The Sixers recognized this and made a bold move in hopes of breaking this cycle. Obviously the hope was that Bynum would be healthy, the team would thrive and become a top-four seed, only a piece or two away from becoming a serious contender.

We all know it didn't work out like that, but the team is still better off than they were as a perennial 8 seed. Bynum's contract is off the books. I am of the opinion that you shouldn't re-sign him, but that isn't my job to decide, so we will see.

If you decide to not re-sign him, you have a decent amount of money available. And this is where make-or-break decisions lie for the Sixers, and where my argument for patience comes into play. The upcoming free agent class doesn't have the cornerstone, immediate turnaround type player you are looking for. A list of free agents is available here. The 2014 free agents are also listed there, and you may not find the player you need there either.

And so you may have to wait until 2015 or even 2016 to find that player. And if you are the Sixers, you cannot be afraid to exercise that patience. You cannot be afraid to stink, or at least struggle, over the next few seasons. Do not sign a player just for the sake of signing a player. Do not sign a player just because you felt pressure to make a move.

If you play your cards right, you may even have the ability to bring in two impact free agents from one of those later classes. You should have been able to add a few solid players from what should be pretty decent draft position over the next 3 or so drafts. And you should still have your franchise point guard in place, Jrue Holiday, the lone bright spot from this lost season. And at that point you could finally be in a position to become a legitimate contender again.

The other part of this equation is the hiring of a new coach, and what to do with the front office. I won't throw out any names for the coaching vacancy, but I would like to see a young, energetic, hungry guy get the job. Whoever gets the job should get a vote of confidence from management that he will be given the opportunity so see this process through. That way he can navigate the next few seasons without constantly looking over his shoulder, and can have the confidence to adequately look at his young players during game action. Doug Collins seemed to outright refuse to give his young players a look in game situations, and that may have come back to bite the Sixers in the Vucevic situation.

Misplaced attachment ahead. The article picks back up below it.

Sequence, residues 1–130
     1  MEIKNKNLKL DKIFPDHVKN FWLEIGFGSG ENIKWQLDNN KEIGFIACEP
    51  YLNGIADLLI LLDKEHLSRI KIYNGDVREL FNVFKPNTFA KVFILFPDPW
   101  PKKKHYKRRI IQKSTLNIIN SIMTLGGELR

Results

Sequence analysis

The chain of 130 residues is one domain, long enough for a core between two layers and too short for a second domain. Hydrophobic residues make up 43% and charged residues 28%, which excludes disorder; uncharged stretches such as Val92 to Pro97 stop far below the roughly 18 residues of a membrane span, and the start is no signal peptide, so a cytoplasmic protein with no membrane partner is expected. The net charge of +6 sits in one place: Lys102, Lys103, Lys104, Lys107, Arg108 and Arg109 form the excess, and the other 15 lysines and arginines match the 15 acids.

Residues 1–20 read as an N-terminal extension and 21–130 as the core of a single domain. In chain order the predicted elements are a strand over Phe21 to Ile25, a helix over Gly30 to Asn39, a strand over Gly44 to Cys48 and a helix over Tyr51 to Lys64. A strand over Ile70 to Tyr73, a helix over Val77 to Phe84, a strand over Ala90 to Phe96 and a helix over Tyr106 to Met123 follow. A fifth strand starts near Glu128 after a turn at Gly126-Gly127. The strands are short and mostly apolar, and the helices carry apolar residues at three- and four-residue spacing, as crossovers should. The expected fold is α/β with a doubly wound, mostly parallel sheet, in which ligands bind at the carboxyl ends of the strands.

And to go along with my new young, energetic coach, I would like a few great, pure basketball minds added to the front office. Joshua Harris and Adam Aron seem to be pretty bright businessmen, so let them handle the business stuff. Get some guys in the front office that know basketball, know basketball players, and know how to evaluate talent. This would improve the Sixers' drafting abilities as well as help them avoid handing out the crippling contracts that have handcuffed them in the past.

I know this is a tall order. I know it will be tough to sell the fan base on a "take two steps back to take three forward" type plan. I know that people who make it to the NBA level, whether they be players, coaches or front office personnel, get there by being ultra-competitive, and that seemingly accepting mediocrity or losing for two or three years won't sit well. But there are no quick fixes in the NBA, and this may be the Sixers best opportunity to return to relevancy.

And it wouldn't hurt to nab a player the caliber of Allen Iverson, like they did way back in the '90s. (Still miss you, A.I.)

Friday, April 19, 2013

It's Friday, Time to Sing

Well, there's really only one thing I can possibly put in this space this Friday. The home of the brave.

Friday, April 5, 2013

It's Friday, Time to Dance

Tomorrow, I head to San Diego for work purposes, and it's the first time I'll be on the West Coast in my entire life. Only took me 29 years. So here are a few California songs to get a jumpstart on my trip.